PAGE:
The current candlestick will have dynamic wicks, moving in line with price increases and declines for the given time period.

Types of candlestick patterns

There are many candlestick patterns, which act as useful indicators for traders looking to make price movement predictions.

For instance, one of the bullish candlestick patterns is known as the ‘hammer’ and is formed of a short body with a long lower wick. It is normally found at the end of a downward trend and can be a good indicator of future upward trends.

Hammer candlesticks
Hammer candlesticks

Another candlestick pattern is the doji, which many believe indicates uncertainty from traders in the market. The doji is comprised of a short or non-existent body and wicks of varying length. Sometimes, a doji can resemble a cross, because a doji’s pattern often has similar open and close positions but varying session high and low positions.

Doji candlestick
Doji candlestick

Learn more with our guide to 16 candlestick patterns every trader should know.

Candlesticks vs HLOC (OHLC) bar charts

Candlestick graphs are similar to high-low-open-close (HLOC) bar charts. They are both technical analysis indicators, and they both require a certain understanding before traders can use them and learn from them effectively. The main difference is that a HLOC chart lays out the information without the use of the ‘body’ of a candlestick.

Bar chart
Bar chart

Some traders prefer the simplistic nature of bar charts over candlesticks, while others prefer the aesthetic of candlesticks and say that they offer better clarity. They are both, more or less, the same thing. They both indicate market highs and lows, and the open and close prices for an asset in a particular time frame.

Bar and candle chart
Bar and candle chart

How to use candlesticks when trading

The different parts of a candlestick pattern all tell you something. What they tell you is another question entirely. Sometimes, the shape, colour and direction of a candlestick can seem random, but other times a number of candlesticks may form up to make a pattern.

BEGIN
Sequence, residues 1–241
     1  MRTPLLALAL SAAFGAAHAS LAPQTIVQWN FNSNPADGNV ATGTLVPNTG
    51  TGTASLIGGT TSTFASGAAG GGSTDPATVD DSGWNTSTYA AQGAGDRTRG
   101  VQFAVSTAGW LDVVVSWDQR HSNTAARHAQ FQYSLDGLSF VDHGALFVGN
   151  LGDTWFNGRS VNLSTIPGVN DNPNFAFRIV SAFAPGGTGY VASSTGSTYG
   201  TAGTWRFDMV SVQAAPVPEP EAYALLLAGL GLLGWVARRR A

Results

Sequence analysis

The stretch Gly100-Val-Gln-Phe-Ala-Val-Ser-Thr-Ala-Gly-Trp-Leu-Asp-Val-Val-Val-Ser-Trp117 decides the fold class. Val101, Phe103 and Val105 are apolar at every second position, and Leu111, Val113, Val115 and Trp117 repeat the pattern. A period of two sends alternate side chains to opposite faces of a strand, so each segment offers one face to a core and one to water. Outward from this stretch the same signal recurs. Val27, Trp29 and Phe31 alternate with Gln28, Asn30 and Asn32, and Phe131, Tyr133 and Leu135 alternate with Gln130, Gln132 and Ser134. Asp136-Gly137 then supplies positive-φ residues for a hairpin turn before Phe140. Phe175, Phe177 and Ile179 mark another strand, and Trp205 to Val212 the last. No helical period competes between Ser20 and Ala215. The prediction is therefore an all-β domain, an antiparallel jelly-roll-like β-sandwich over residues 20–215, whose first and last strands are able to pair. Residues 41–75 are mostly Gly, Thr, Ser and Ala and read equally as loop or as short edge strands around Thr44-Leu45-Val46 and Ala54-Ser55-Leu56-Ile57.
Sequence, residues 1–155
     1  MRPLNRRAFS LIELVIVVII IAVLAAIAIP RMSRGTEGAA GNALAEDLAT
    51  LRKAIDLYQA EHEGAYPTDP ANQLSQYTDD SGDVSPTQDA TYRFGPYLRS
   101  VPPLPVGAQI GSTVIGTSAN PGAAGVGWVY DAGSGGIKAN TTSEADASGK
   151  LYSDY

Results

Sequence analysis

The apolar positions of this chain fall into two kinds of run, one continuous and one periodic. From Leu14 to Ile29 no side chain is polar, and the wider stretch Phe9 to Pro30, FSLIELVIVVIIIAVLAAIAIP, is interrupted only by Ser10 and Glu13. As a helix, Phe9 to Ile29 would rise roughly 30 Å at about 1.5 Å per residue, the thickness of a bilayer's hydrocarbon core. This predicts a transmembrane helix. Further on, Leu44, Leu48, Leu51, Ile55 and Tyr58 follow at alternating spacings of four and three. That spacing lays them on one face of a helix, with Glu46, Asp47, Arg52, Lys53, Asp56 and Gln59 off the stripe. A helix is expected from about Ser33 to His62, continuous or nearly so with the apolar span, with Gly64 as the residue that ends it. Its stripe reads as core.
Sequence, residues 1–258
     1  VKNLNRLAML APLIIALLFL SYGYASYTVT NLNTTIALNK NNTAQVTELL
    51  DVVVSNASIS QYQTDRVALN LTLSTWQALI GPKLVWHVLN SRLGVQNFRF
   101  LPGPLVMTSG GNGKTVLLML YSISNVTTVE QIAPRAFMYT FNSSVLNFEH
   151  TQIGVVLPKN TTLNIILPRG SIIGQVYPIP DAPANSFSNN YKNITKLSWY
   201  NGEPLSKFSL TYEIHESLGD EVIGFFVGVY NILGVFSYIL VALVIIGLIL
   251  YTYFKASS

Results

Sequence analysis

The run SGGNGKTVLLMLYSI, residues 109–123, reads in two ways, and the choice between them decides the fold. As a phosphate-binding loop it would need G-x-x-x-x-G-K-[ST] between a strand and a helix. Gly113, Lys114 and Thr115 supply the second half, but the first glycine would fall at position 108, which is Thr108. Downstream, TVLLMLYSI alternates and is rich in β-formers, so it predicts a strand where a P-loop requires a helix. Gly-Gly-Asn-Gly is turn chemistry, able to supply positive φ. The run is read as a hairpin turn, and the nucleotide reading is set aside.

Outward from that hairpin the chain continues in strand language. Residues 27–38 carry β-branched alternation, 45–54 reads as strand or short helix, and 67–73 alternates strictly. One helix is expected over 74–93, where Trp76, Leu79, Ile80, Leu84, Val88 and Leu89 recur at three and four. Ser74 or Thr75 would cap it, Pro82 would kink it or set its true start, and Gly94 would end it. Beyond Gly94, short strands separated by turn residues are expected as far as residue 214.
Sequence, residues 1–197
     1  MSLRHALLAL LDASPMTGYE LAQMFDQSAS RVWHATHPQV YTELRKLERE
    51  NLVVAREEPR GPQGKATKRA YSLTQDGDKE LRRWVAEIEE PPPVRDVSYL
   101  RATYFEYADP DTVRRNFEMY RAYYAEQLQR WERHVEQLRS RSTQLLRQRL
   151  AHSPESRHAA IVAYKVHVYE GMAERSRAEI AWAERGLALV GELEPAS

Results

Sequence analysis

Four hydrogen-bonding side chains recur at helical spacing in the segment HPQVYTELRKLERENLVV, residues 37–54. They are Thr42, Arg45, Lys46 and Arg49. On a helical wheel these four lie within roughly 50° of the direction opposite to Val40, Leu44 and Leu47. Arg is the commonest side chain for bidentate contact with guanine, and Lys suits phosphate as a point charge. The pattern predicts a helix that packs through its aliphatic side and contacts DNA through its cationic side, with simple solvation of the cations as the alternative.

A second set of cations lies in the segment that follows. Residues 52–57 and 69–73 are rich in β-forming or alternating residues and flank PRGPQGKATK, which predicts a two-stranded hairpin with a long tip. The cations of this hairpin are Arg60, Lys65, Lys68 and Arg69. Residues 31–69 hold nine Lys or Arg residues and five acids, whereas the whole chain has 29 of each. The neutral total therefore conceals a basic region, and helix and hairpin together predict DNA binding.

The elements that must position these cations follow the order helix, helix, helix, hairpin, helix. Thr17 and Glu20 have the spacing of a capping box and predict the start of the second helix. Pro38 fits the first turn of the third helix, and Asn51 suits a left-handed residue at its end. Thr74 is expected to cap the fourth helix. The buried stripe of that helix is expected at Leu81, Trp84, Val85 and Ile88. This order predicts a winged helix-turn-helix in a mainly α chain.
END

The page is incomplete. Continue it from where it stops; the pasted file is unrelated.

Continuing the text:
Candlestick patterns are capable of revealing areas of support and resistance, and are also valuable to traders as a means through which they can confirm their predictions about market movements. However, it is worth mentioning that there is a lot that candlesticks cannot tell you. For instance, you can’t use candlesticks to tell you why the open and close are similar or different.

As such, candlestick patterns should be used in conjunction with other forms of technical and fundamental analysis to greater confirm a trader’s suspicions of an overall trend.

This information has been prepared by IG, a trading name of IG Australia Pty Ltd. In addition to the disclaimer below, the material on this page does not contain a record of our trading prices, or an offer of, or solicitation for, a transaction in any financial instrument. IG accepts no responsibility for any use that may be made of these comments and for any consequences that result. No representation or warranty is given as to the accuracy or completeness of this information. Consequently any person acting on it does so entirely at their own risk. Any research provided does not have regard to the specific investment objectives, financial situation and needs of any specific person who may receive it. It has not been prepared in accordance with legal requirements designed to promote the independence of investment research and as such is considered to be a marketing communication. Although we are not specifically constrained from dealing ahead of our recommendations we do not seek to take advantage of them before they are provided to our clients.